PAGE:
LIMITATIONS

Target recruitment was not achieved, although we identified methods to improve recruitment.

CONCLUSIONS

The Behavioural Activation Therapy for Depression after Stroke trial was feasible with regard to the majority of outcomes. The outstanding issue is whether or not a sufficient number of participants could be recruited within a reasonable time frame for a definitive trial. Future work is required to identify whether or not there are sufficient sites that are able to deliver the services required for a definitive trial.

TRIAL REGISTRATION

Current Controlled Trials ISRCTN12715175.

FUNDING

This project was funded by the NIHR Health Technology Assessment programme and will be published in full in Health Technology Assessment; Vol. 23, No. 47. See the NIHR Journals Library website for further project information.

Authors+Show Affiliations

School of Medicine, University of Nottingham, Nottingham, UK.School of Health Sciences, University of Nottingham, Nottingham, UK.School of Medicine, University of Nottingham, Nottingham, UK.School of Health and Related Research, University of Sheffield, Sheffield, UK.School of Medicine, University of Nottingham, Nottingham, UK.School of Health and Related Research, University of Sheffield, Sheffield, UK.Sheffield Clinical Trials Research Unit, University of Sheffield, Sheffield, UK.Sheffield Clinical Trials Research Unit, University of Sheffield, Sheffield, UK.School of Health and Related Research, University of Sheffield, Sheffield, UK.School of Health and Related Research, University of Sheffield, Sheffield, UK.Sheffield Clinical Trials Research Unit, University of Sheffield, Sheffield, UK.Sheffield Clinical Trials Research Unit, University of Sheffield, Sheffield, UK.School of Medicine, University of Nottingham, Nottingham, UK.School of Health Sciences, University of Nottingham, Nottingham, UK.Sheffield Clinical Trials Research Unit, University of Sheffield, Sheffield, UK.Sheffield Clinical Trials Research Unit, University of Sheffield, Sheffield, UK.Sheffield Clinical Trials Research Unit, University of Sheffield, Sheffield, UK.School of Medicine, University of Nottingham, Nottingham, UK.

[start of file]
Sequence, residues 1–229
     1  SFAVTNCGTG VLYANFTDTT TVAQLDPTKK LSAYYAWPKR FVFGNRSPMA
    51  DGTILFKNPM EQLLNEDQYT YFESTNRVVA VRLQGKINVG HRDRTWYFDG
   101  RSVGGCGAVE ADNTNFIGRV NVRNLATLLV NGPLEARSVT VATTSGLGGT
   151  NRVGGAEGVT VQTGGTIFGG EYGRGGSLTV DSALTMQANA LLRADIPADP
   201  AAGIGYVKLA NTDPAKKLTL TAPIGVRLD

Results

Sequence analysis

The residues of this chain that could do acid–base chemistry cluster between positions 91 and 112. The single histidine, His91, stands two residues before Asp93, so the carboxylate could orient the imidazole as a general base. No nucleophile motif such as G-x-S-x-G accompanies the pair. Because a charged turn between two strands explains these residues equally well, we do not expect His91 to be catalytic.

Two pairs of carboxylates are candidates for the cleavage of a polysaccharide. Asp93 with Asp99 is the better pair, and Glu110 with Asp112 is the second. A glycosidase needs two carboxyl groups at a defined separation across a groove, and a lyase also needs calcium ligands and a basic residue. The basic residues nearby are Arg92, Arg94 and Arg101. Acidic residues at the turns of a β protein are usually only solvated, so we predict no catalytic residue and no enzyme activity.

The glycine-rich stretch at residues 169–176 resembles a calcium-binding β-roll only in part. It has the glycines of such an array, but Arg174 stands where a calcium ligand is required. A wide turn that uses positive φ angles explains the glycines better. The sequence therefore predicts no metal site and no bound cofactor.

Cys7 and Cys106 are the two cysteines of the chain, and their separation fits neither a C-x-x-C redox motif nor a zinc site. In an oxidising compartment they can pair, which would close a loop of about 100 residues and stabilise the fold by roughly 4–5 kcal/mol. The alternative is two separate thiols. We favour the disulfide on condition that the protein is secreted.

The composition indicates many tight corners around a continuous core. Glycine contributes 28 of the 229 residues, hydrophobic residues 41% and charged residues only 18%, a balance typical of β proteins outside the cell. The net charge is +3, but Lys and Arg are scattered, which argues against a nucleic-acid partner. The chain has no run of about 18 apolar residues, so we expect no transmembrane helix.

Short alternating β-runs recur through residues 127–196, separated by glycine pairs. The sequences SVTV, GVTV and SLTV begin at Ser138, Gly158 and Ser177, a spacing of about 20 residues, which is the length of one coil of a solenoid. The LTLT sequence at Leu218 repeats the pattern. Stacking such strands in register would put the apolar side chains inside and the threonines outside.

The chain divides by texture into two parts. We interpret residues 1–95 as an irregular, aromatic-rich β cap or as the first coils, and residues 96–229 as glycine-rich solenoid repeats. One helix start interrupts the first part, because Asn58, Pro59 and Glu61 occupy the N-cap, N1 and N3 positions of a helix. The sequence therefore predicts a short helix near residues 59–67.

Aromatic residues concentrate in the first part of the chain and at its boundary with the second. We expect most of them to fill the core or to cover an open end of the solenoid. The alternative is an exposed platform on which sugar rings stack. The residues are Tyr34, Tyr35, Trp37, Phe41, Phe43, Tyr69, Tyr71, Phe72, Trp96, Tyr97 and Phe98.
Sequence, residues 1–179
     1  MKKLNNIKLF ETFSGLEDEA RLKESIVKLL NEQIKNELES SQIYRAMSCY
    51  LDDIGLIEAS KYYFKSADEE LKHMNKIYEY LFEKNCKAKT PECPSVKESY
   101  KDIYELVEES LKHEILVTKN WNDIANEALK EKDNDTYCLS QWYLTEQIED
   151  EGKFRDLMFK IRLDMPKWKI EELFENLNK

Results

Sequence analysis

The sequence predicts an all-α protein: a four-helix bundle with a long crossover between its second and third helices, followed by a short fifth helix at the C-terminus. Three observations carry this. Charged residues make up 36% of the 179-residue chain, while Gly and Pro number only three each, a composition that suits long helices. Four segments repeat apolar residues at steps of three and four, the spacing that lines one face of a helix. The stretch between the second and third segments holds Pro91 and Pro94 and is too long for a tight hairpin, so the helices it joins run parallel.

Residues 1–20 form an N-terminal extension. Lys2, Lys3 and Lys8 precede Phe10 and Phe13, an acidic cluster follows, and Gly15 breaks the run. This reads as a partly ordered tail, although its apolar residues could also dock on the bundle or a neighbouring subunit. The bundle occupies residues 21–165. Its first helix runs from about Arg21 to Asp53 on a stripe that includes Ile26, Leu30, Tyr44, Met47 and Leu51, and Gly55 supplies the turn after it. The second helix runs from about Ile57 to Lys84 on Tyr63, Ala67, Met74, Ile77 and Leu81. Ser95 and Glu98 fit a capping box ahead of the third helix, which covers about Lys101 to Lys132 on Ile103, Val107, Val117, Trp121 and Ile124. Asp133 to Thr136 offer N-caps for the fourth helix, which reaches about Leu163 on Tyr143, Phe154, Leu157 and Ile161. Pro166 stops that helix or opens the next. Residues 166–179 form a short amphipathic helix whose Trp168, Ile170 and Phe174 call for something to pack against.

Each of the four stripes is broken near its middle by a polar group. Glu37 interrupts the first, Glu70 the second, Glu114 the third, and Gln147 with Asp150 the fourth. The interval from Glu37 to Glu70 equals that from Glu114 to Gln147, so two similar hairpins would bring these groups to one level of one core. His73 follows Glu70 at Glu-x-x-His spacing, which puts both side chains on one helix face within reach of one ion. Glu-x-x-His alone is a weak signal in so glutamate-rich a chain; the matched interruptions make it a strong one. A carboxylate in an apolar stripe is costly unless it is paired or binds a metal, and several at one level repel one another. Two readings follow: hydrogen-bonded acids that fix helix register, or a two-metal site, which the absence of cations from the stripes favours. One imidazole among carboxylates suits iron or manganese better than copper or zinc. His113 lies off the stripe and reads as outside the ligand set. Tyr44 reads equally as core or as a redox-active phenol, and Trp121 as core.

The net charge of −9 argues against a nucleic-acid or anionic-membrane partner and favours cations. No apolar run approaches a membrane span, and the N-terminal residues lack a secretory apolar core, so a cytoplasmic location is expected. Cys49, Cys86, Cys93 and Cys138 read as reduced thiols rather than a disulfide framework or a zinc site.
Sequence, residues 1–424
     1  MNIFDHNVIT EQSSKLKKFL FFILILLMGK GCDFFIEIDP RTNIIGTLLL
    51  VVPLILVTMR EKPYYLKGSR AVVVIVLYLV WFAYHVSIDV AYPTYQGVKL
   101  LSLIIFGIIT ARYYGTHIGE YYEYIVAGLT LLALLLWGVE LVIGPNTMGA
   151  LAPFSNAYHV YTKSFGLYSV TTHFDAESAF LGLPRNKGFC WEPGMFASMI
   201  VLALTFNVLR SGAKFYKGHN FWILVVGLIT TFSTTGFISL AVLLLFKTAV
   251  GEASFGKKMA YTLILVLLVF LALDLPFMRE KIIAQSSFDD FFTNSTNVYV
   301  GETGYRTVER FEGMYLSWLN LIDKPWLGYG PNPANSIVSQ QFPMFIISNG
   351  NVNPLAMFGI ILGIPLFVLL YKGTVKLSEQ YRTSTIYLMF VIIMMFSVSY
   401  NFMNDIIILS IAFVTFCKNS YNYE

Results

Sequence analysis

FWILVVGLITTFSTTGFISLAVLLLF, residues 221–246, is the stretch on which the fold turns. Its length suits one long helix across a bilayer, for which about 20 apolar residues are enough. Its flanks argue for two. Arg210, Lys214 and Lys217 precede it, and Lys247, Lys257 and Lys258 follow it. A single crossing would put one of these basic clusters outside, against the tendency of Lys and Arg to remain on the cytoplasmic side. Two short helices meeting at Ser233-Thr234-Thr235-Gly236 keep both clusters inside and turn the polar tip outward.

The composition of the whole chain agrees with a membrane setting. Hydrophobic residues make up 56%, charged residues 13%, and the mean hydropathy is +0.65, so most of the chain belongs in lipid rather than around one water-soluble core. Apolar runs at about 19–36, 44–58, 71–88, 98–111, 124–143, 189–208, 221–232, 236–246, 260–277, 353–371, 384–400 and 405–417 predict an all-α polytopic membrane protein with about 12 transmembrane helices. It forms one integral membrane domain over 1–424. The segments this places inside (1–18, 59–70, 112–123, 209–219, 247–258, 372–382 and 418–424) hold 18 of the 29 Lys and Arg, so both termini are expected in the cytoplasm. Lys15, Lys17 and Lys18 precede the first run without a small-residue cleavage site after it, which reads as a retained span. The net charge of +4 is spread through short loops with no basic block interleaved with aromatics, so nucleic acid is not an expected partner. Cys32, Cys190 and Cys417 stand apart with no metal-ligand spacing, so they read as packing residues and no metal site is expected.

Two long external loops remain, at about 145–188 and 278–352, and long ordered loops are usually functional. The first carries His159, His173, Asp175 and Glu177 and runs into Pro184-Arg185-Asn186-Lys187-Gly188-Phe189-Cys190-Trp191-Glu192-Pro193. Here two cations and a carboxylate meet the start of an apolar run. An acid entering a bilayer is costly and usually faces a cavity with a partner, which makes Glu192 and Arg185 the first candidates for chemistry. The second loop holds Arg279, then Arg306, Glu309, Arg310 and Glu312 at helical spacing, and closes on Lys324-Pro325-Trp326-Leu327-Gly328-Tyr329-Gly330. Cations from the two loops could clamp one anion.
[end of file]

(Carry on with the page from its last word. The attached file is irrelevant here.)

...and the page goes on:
Pub Type(s)

Journal Article
Multicenter Study
Randomized Controlled Trial
Research Support, Non-U.S. Gov't

Language

eng

PubMed ID

31524133

Citation

Thomas, Shirley A., et al. "Behavioural Activation Therapy for Post-stroke Depression: the BEADS Feasibility RCT." Health Technology Assessment (Winchester, England), vol. 23, no. 47, 2019, pp. 1-176.
Thomas SA, Drummond AE, Lincoln NB, et al. Behavioural activation therapy for post-stroke depression: the BEADS feasibility RCT. Health Technol Assess. 2019;23(47):1-176.
Thomas, S. A., Drummond, A. E., Lincoln, N. B., Palmer, R. L., das Nair, R., Latimer, N. R., Hackney, G. L., Mandefield, L., Walters, S. J., Hatton, R. D., Cooper, C. L., Chater, T. F., England, T. J., Callaghan, P., Coates, E., Sutherland, K. E., Eshtan, S. J., & Topcu, G. (2019). Behavioural activation therapy for post-stroke depression: the BEADS feasibility RCT. Health Technology Assessment (Winchester, England), 23(47), 1-176. https://doi.org/10.3310/hta23470